11. Tragedy at Ghent-Wevelgem: Reflection before revolution

Mar 30, 2016, 11:48 PM
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March 31 | It has been a dark week for cycling following the deaths of Antoine Demoitié, who died after being hit by a motorcycle during Sunday’s Ghent-Wevelgem, and Daan Myngheer, who suffered a heart attack at Critérium International.

This episode of The Telegraph Cycling Podcast focuses on the incident at Ghent-Wevelgem, which was the latest in a growing list of collisions between race vehicles and riders.

As the spotlight falls on the function of cars and motorbikes that accompany the peloton, Richard Moore, Lionel Birnie and Daniel Friebe discuss a complex issue and ask the opinions of a rider, a team manager, a motorcycle driver and a race organiser.

Mark Cavendish spoke to Daniel Friebe the day after Ghent-Wevelgem to give a rider’s perspective on the dangers involved in racing, some of the factors that contribute to those dangers and some of the possible solutions.

Last month, after motorcycles caused crashes in two separate races, BMC Racing’s general manager Jim Ochowicz wrote an open letter to the UCI, the sport’s governing body, urging action to make events safer for the cyclists. We hear from Ochowicz, speaking earlier this month, about what prompted him to speak out.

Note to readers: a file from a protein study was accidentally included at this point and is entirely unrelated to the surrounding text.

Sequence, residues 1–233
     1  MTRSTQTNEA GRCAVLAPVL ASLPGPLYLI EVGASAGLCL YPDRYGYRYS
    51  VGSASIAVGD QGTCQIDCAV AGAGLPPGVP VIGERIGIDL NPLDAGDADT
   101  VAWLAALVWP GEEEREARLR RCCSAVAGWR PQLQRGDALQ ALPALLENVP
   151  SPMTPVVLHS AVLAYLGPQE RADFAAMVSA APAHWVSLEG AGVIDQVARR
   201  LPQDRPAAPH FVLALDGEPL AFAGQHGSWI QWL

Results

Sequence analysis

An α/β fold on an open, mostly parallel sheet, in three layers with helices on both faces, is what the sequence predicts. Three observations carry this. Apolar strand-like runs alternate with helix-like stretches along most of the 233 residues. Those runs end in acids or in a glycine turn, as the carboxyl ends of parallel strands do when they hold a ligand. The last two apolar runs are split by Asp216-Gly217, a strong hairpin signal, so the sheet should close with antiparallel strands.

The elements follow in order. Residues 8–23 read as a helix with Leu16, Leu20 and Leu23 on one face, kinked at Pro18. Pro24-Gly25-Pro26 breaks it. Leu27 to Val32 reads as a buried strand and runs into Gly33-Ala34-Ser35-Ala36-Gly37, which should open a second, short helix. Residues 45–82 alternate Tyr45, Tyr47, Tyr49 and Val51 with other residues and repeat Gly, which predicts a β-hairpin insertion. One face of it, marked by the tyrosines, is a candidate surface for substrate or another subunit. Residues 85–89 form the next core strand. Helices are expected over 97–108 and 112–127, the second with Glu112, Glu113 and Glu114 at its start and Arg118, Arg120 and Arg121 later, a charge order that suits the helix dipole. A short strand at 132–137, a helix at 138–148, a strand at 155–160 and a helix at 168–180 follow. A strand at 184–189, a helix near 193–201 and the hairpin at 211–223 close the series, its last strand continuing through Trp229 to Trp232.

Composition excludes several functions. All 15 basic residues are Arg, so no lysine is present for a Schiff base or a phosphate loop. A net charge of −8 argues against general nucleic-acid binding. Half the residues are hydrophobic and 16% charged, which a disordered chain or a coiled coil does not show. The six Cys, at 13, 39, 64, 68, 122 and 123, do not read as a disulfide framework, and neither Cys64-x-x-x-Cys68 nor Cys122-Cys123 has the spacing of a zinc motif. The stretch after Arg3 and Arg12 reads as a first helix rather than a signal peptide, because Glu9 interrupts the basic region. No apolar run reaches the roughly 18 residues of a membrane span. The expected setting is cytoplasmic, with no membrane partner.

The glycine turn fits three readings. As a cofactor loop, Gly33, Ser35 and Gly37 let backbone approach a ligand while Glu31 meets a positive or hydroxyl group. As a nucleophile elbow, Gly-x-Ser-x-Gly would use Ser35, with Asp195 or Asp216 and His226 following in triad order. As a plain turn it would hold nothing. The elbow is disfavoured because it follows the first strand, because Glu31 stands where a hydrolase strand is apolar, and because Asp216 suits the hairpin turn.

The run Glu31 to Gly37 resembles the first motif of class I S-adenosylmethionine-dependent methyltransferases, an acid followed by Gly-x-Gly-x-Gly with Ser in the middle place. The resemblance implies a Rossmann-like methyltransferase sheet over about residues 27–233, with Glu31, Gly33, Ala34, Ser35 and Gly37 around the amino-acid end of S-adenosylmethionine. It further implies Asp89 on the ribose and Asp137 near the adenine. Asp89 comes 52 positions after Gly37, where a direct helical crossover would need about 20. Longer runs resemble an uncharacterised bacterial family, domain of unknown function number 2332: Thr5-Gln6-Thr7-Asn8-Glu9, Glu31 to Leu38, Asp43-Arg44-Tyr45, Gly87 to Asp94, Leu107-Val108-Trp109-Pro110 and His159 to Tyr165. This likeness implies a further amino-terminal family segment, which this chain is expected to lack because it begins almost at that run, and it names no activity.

We talk to Luke Edwardes-Evans, an experienced motorcycle pilot for one of the best-known cycling photographers, Graham Watson, about the role of a driver in the peloton. Why are the motorcyclists there, what do they do and what instructions are they given by race officials?

Finally, we hear from Mick Bennett, the race director of the Tour of Britain, who explains why so many motorbikes are needed for races which operate a rolling road-closure and suggests that the peloton is too large.

In the last part of the show, we look ahead to Sunday’s Tour of Flanders, the second one-day Monument in cycling’s spring Classics season.

The Telegraph Cycling Podcast is supported by Eurosport and Trainer Road.